But first, a little rant, about something that’s none of my business.

The months sunk into the “Vietnam years” made me feel more strongly than ever about trends I’m seeing in some of these newer veterans’ groups — stuff I keep TRYING, in good journalistic fashion, to shut my mouth about so that I can just watch it happen in real time.  It’s about the perpetual dance between dissenting veterans and groups of the sectarian left, for whom the latter are sort of a dream date.

When one young vet blithely proclaimed I could interview him at an event sponsored by World Can’t Wait, I instinctively refused, having grown up avoiding WCW’s sponsor at demonstrations in NY and Washington. I wrote a piece about WCW’s Maoist doppelganger, equally “militant” and equally cloaked in multiple spinoff organizations. Both pour a lot of money and support toward whatever young veterans they can find, support that has likely felt essential and important when the wider world is trying to ignore the wars. But the effect, throughout history, has not always been…. productive.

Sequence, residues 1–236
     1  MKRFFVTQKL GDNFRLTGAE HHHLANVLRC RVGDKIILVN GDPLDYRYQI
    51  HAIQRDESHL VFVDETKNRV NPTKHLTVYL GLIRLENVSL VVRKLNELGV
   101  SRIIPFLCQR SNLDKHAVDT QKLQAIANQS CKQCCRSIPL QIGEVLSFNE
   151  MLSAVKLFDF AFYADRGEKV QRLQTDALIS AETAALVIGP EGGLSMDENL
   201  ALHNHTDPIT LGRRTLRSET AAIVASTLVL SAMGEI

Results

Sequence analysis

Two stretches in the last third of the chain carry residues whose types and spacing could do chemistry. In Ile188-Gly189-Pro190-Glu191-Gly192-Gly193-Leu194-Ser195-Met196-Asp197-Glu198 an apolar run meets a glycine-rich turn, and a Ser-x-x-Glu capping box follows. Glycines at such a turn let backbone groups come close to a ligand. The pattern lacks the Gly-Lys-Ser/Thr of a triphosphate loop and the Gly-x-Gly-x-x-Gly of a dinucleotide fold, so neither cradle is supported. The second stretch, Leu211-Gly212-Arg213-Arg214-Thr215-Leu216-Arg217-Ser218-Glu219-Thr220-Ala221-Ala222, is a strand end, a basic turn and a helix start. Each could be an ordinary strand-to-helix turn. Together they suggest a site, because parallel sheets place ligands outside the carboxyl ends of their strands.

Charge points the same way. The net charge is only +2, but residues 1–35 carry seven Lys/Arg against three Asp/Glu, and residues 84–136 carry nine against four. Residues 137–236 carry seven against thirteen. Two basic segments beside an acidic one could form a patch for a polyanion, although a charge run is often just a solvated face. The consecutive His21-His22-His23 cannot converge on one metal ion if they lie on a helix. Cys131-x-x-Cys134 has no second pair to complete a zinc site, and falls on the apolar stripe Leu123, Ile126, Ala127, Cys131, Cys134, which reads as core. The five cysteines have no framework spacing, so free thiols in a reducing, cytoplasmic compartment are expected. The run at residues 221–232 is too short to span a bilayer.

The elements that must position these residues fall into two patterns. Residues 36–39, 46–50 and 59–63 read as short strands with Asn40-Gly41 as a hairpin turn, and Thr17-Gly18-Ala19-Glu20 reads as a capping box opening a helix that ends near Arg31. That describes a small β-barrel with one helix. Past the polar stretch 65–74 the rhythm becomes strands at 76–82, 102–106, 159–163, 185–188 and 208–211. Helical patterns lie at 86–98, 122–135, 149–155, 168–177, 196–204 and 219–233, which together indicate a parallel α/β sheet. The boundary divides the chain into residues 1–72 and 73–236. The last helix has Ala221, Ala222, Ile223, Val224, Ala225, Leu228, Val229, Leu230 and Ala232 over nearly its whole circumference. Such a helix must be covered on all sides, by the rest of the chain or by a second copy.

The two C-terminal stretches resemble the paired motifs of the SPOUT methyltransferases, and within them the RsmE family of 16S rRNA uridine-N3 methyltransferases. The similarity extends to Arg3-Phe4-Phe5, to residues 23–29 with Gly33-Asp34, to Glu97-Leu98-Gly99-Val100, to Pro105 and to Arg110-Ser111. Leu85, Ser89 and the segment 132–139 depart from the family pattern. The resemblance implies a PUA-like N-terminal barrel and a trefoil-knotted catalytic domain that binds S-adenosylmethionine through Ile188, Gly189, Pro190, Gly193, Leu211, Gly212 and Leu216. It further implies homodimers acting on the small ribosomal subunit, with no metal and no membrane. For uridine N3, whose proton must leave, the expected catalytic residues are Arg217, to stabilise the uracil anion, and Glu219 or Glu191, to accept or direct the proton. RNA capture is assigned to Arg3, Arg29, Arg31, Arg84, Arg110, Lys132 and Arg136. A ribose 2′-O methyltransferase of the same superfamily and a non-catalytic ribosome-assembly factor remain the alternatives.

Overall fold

drillsgtI don’t want to go after those two groups in particular; and I can’t claim to be against military-civilian alliances or the need to look deeply at the power structures that sustain these wars. But witness the collapse of Vietnam Veterans Against the War in 1975, as narrated by  the late Steve Hassna. I met Drill Sgt, Hassna in the 1990s, and I trust his description of what he  called “The Split”: